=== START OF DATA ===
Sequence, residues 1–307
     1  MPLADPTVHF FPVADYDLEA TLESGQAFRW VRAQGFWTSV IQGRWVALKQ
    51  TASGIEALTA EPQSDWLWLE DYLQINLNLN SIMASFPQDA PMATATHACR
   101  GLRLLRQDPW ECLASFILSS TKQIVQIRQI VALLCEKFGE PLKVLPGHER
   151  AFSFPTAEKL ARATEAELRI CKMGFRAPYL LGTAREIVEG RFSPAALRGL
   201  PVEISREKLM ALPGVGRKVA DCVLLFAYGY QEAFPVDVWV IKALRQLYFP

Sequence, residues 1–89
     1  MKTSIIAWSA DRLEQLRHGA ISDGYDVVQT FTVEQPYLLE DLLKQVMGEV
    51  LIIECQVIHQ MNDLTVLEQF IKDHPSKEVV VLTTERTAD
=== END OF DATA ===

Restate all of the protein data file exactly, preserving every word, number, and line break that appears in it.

Sequence, residues 1–307
     1  MPLADPTVHF FPVADYDLEA TLESGQAFRW VRAQGFWTSV IQGRWVALKQ
    51  TASGIEALTA EPQSDWLWLE DYLQINLNLN SIMASFPQDA PMATATHACR
   101  GLRLLRQDPW ECLASFILSS TKQIVQIRQI VALLCEKFGE PLKVLPGHER
   151  AFSFPTAEKL ARATEAELRI CKMGFRAPYL LGTAREIVEG RFSPAALRGL
   201  PVEISREKLM ALPGVGRKVA DCVLLFAYGY QEAFPVDVWV IKALRQLYFP

Sequence, residues 1–89
     1  MKTSIIAWSA DRLEQLRHGA ISDGYDVVQT FTVEQPYLLE DLLKQVMGEV
    51  LIIECQVIHQ MNDLTVLEQF IKDHPSKEVV VLTTERTAD